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Sen. Levin’s New Bill: Bad for Corporate Tax Dodgers, Good for People

By Frank Clemente, Campaign Manager, Americans for Tax Fairness

Pretend for a moment that there is never a deadline for you to pay your taxes, that checking one box on your tax form will instantly hide a huge portion of your income from taxation, and that if you have a great idea, you can create a second self, sell them your idea for cheap and then pay your second self to let you use your idea.

If you’re not pretending as you read this, you’re a multinational corporation that stashes a lot of profits in offshore tax havens.

Sen. Carl Levin
Sen. Carl Levin

If you are pretending, you’re probably an actual person — and you should know about Sen. Carl Levin’s Stop Tax Haven Abuse Act (S. 1533), which was recently introduced in Congress. This bill will raise $220 billion over 10 years by closing some of the worst tax loopholes that encourage corporations to shift profits, operations and jobs overseas.

We lose $90 billion every year to these loopholes (p. 1). That money could go a long way towards repairing our crumbling roads and bridges, fixing our schools, researching new medical cures and clean energy sources, and helping small businesses to grow. This bill is a big deal.

Here is what the bill would do.

First, it makes it less profitable for big corporations to move jobs and operations to countries with lower tax rates. As it stands now, big corporations can defer paying their U.S. taxes indefinitely on profits made overseas. Indefinitely, as in no deadline of any kind, ever. While these big corporations get to put off paying their U.S. taxes indefinitely on offshore profits, they can immediately deduct any expenses that they had to pay as they were making those profits.

In other words, a company can close a U.S. operation, pay out severance packages to its laid-off U.S. workers and pay interest on a loan taken out to build a new operation in another country — and immediately write all of these costs off of their taxes, while their profits from their new offshore business grow, free of U.S. taxes.

The Stop Tax Haven Abuse Act will end this madness. It will require corporations to bring their profits back to the U.S. and pay taxes on them before they can deduct any related expenses.

Second, it would require big corporations to report the companies that they own overseas, and all of their profits, to the Internal Revenue Service. One particularly crazy loophole allows corporations to check just one box on an IRS form to make their offshore subsidiaries and their income invisible for tax purposes. They are literally able to hide some of their offshore profits with one swoop of a pen.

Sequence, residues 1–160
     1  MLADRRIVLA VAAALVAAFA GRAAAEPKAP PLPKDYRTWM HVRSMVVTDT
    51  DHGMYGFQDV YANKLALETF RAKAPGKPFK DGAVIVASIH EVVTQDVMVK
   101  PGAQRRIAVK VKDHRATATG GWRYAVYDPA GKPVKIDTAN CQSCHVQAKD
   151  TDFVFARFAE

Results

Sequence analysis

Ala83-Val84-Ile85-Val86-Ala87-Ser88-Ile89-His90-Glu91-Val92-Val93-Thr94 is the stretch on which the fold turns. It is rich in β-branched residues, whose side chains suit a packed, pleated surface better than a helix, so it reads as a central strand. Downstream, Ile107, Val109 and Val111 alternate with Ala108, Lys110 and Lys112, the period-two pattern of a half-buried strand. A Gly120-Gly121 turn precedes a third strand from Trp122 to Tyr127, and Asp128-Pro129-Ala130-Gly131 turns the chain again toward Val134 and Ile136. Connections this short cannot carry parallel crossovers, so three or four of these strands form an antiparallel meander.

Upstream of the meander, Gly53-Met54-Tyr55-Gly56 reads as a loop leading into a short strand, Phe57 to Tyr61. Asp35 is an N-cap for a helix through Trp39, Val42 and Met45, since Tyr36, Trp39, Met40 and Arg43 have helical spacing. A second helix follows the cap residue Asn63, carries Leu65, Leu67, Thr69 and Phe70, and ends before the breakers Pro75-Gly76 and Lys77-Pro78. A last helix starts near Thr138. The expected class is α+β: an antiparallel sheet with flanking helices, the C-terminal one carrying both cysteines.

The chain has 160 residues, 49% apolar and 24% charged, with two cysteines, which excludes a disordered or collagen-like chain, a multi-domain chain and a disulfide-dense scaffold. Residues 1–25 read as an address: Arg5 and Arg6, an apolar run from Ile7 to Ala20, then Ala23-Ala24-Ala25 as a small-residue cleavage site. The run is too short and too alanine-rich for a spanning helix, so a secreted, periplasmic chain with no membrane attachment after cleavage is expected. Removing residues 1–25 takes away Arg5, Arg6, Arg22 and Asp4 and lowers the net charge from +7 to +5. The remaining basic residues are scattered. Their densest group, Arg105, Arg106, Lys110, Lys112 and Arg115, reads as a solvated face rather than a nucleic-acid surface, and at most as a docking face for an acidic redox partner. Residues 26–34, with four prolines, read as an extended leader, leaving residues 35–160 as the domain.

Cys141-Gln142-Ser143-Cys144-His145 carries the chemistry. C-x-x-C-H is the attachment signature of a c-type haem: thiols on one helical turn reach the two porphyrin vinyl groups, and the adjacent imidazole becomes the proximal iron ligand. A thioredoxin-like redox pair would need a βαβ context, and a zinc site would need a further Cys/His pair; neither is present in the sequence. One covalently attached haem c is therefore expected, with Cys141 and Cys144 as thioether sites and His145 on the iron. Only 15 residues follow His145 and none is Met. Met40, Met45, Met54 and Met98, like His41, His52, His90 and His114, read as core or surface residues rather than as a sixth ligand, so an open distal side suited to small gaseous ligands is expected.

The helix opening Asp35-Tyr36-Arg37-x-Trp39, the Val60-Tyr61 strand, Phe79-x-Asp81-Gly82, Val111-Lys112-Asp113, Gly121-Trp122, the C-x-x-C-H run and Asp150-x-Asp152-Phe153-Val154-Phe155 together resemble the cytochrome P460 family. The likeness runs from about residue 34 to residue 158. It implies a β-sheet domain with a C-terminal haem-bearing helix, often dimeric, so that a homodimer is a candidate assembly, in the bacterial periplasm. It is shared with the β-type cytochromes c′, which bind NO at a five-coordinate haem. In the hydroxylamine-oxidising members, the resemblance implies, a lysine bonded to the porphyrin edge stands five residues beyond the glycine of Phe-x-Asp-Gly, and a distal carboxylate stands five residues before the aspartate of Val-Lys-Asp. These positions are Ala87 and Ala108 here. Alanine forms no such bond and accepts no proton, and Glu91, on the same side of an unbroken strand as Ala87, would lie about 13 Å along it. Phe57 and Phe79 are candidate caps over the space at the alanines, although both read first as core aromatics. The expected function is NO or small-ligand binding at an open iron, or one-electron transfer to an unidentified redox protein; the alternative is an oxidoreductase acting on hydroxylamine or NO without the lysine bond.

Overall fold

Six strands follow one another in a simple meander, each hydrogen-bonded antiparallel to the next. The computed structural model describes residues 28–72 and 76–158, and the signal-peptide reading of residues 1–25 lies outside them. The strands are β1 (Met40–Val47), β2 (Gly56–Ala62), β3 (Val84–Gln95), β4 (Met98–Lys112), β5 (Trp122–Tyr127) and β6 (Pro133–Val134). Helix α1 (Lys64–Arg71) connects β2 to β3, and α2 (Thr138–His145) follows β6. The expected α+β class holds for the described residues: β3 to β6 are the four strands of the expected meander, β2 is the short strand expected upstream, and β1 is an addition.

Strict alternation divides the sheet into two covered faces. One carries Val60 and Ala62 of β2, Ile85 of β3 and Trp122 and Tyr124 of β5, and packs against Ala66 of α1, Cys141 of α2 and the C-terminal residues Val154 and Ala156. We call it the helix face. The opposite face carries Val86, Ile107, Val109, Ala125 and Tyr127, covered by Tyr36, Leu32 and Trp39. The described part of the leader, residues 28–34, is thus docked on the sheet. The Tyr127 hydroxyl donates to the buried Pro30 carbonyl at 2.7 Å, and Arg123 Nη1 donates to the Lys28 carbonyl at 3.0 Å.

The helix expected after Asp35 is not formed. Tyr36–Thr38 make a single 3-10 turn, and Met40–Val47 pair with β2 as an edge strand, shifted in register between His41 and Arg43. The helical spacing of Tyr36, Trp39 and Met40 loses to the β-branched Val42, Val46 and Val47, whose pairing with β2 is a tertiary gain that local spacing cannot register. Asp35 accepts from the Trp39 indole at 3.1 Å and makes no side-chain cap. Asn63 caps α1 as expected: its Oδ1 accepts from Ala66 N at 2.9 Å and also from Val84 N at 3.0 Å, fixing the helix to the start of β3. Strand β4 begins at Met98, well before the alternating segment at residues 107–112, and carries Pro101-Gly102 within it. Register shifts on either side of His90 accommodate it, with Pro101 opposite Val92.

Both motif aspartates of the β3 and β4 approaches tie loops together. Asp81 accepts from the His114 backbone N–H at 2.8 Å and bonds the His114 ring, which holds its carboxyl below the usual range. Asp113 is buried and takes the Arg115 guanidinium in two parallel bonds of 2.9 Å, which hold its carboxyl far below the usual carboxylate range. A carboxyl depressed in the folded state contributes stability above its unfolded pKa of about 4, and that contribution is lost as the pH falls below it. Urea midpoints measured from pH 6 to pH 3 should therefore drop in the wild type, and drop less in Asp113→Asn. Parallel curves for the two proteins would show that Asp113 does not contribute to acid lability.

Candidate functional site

The check-the-box rule should not exist. This bill will end it.

Third, this bill would crack down on foreign tax credit manipulation. When companies make money offshore, they pay taxes both in the country where they made the money, and in the U.S. when and if they bring the money back here. They get credits for the taxes that they pay to the country where they made the money (avoiding the kind of “double taxation” corporations sometimes disingenuously complain about anyway). But big corporations will often use extra credits from higher-tax nations to keep from paying U.S. taxes on profits made in low- or no-tax nations.

The Stop Tax Haven Abuse Act would force big corporations to pool their foreign income and foreign tax payments. Not only would this part of the bill bring about $55 billion per year back to the U.S., it would make it a lot less appealing for companies to do business in tax haven countries in the first place.

The last big thing that Sen. Levin’s bill would do is cut down incentives for companies to move their intellectual property and their marketing rights offshore. Many big corporations create shell companies in countries that tax them very little, if at all. They then sell intellectual property — for example, a software license or a drug patent — to their shell company at a discount. The shell company leases the property back to the big corporation at a steep markup. The shell company in the low-tax country pays very little taxes on the marked-up “sale.” The big corporation in the higher-tax country pays most of the expenses, and it can deduct them and lower its taxes. Apple famously does this.

Apple headquarters
Apple corporate headquarters

One of Apple’s shell companies in Ireland has zero employees, and Apple negotiated with Ireland for a tax rate that is less than 1 percent. That’s a real steal. And it’s how Apple booked $74 billion in profits in Ireland over four years and paid almost no taxes to the U.S. or any other country. Sen. Levin’s bill would make it much tougher for companies to play this tax shell game.

These loopholes that allow big corporations to dodge their U.S. taxes by hiding profits and shipping jobs offshore need to end. They leave the rest of us — working people and small businesses who can’t afford fancy accountants, fancy lawyers or overseas subsidiaries — paying the bill. Asking corporations to pay their fair share from offshore operations wouldn’t singlehandedly balance the U.S. budget, but closing these loopholes goes a long way.

Perhaps even more importantly, it’s just plain fair for big corporations to play by the same rules as the rest of us, and for them to invest in the U.S. instead of shifting jobs and profits overseas.

If you’re a person who cares about fairness, join the 16,000 people who have already said they’re standing with Sen. Levin to try to pass this bill.